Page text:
Heart 4 Africa bakery

New bakery brings hope and love to local community. Image Supplied

New bakery brings hope and love to local community

Heart 4 Africa bakery is aimed at setting an example to the local community of the potential of social cohesion.

Heart 4 Africa bakery

New bakery brings hope and love to local community. Image Supplied

Where once was a simple outdoor oven on the outskirts of the Sacred Heart College sports grounds in Observatory, now stands a newly built bakery, with a state-of-the-art clay oven and kitchen facilities.

The new bakery was officially unveiled on Wednesday, 1 March. Among those in attendance were members of Sacred Heart College, the Angel Network, the South African Jewish Board of Deputies (SAJBD) and the Rights 2 Live Africa.

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The bakery has a story as special as the name it has been given – Heart 4 Africa.

Jean Bwasa, founder of Rights 2 Live Africa and bakery facilitator, explained the establishment had been set up to restore honour and dignity in the lives of refugees living in the country. Then, as its name suggested, it aimed at setting an example to the local community of the potential of social cohesion – and a reminder to South Africans to remember their hearts, because this, he believes, is where the solution to many of our country’s problems lies.

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Heart 4 Africa is part of an initiative to empower vulnerable residents. For this purpose, ten previously unemployed women, including eight refugees, together with two South African residents, were trained to become baking professionals.

Heart 4 Africa newly trained staff. Images Supplied


The bakery, in turn, will generate support for the local migrant community, providing a life-sustaining solution to their plight in terms of resource- and job-creation.

Bwasa said that having come from the Congo, he and his family had personally experienced much difficulty and ‘red tape’ hindering their pursuing a livelihood in South Africa.

“When Covid-19 came, things became exceptionally tough for the local migrant community,” he said. “While the government looked after its own citizens in providing food parcels, the migrant community received nothing – with many reaching a point of desperation.”

Bwasa approached Tali Nates from the Johannesburg Holocaust and Genocide Centre for help and she and her team, together with Glynne Wolman, founder of The Angel Network; and the SAJBD, offered to assist.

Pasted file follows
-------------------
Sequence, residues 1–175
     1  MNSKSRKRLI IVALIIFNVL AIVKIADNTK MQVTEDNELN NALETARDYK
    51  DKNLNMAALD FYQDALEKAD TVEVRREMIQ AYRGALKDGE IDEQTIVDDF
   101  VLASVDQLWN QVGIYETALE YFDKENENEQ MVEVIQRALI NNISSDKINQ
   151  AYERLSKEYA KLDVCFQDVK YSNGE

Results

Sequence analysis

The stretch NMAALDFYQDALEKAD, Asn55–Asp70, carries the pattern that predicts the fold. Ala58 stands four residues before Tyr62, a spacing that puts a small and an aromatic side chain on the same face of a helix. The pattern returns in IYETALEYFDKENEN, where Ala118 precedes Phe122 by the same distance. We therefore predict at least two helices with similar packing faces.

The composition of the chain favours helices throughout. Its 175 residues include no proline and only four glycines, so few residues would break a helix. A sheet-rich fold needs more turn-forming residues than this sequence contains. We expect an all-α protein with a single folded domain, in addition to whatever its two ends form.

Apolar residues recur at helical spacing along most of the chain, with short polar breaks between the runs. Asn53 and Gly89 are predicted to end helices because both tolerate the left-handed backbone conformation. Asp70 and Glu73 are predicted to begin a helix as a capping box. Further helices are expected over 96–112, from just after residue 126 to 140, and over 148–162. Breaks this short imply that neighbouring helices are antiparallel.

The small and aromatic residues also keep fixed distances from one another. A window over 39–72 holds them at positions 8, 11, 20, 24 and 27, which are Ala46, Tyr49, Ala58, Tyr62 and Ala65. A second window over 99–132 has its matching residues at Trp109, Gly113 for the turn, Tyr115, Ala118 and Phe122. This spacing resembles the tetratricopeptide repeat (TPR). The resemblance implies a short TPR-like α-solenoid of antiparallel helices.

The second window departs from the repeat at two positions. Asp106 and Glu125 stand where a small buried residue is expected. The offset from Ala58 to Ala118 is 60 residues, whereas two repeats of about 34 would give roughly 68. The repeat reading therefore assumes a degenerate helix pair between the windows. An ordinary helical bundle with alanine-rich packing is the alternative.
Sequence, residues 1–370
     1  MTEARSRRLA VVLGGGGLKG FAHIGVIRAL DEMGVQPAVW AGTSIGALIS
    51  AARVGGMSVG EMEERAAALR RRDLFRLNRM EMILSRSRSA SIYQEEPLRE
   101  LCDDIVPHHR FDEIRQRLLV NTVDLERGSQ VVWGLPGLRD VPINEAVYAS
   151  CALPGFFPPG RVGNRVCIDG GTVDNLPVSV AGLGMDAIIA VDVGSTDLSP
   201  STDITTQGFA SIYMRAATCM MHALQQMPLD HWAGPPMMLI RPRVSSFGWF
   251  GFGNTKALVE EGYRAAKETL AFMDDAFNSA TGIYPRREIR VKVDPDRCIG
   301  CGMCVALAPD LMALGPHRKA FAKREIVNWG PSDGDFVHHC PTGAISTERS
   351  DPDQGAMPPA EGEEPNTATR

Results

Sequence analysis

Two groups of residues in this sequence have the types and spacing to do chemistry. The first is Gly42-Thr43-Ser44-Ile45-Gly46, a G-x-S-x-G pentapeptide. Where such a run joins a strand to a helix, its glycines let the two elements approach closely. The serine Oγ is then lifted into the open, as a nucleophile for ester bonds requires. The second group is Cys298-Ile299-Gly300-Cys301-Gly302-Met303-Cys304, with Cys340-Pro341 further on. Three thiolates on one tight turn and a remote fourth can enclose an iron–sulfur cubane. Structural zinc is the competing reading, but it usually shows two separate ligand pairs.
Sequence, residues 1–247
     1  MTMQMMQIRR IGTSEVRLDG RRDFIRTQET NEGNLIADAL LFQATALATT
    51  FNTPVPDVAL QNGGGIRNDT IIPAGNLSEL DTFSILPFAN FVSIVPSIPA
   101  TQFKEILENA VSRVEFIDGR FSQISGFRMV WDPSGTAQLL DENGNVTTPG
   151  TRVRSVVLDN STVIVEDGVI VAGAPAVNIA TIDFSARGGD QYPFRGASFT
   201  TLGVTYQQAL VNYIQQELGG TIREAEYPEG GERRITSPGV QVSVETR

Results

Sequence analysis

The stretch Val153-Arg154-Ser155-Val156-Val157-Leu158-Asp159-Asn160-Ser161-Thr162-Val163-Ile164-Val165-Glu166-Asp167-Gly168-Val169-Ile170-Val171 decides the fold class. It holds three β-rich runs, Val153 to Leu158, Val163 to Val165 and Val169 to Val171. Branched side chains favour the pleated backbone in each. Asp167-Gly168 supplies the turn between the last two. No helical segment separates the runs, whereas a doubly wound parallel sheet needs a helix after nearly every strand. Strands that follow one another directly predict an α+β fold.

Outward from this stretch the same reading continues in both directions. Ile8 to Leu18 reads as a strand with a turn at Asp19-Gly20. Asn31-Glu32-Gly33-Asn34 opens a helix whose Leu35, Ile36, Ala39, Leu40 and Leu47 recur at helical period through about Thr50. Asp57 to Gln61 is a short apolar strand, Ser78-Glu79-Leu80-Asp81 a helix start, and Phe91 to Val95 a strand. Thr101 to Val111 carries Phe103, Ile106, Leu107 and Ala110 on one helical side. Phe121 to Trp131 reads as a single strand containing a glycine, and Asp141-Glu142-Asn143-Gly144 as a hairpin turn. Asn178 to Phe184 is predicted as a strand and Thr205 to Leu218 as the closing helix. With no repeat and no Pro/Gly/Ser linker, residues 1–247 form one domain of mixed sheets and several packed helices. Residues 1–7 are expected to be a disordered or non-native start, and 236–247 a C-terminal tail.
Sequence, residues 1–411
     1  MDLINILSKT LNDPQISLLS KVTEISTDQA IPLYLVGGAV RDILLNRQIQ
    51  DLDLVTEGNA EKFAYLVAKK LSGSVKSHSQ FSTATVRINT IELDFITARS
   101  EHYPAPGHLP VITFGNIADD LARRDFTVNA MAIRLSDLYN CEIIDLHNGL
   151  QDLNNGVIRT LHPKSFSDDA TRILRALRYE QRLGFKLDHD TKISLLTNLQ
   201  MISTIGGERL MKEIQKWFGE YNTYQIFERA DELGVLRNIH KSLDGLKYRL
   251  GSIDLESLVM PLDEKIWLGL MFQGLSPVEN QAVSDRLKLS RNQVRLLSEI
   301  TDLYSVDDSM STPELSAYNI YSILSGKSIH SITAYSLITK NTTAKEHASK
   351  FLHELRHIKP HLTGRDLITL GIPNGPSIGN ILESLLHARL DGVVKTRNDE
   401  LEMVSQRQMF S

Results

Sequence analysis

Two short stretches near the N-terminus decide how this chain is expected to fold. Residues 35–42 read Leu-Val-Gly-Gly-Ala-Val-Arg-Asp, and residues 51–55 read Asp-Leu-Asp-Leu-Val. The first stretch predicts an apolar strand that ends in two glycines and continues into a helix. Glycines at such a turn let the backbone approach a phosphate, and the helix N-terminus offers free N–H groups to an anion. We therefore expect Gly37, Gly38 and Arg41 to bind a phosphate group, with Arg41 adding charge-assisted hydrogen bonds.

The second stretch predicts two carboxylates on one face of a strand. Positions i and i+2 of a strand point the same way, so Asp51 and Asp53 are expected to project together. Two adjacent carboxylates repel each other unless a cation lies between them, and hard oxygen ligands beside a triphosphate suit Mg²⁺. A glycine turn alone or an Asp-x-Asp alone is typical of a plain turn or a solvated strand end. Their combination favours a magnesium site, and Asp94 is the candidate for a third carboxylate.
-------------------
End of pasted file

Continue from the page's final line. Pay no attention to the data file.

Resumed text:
“We put together 250 food parcels for the refugee community,” he recalled.

Pizza made by Heart 4 Africa staff. Image Supplied


“It’s about doing what we can, where we have been placed in the community,” said Sacred Heart College head Heather Blanckensee, “Then, through setting an example, teaching children to do the same.”

She stressed that the heart of the school was to give hope, dignity and honour to every person. She had taken Bwasa into her employment when, finding his CV tucked into a drawer, had realised the value he would be to the school. His status as a refugee did not sway her decision. Blanckensee believed that teaching children about unity, love and respect was their role as educators.

Bwasa reminisced with guests: “My wife, Nicole, and I met in a bakery many years ago, so today is a special day for us. It reminds us of our roots and our hearts.”

He explained that xenophobia had made headlines so often, but that he had a new word, ‘philophobia’. “’Philo’ means love, and ‘phobia’, fear,” he explained.

“As a people, it’s not just xenophobia and discrimination which grip our hearts. We have developed philophobia – a fear of love – but perfect love casts out fear.” He said he believes changing our hearts towards one another and falling in love with the nation again is what will uplift South Africa.

Observes Wolman, there are now ten women who will be able to generate an income, and ten previously disadvantaged families who have been given a new lease on life – ten ‘starfish’ for whom a difference has been made.

Jean Bwasa with Heather Blanckensee. Image Supplied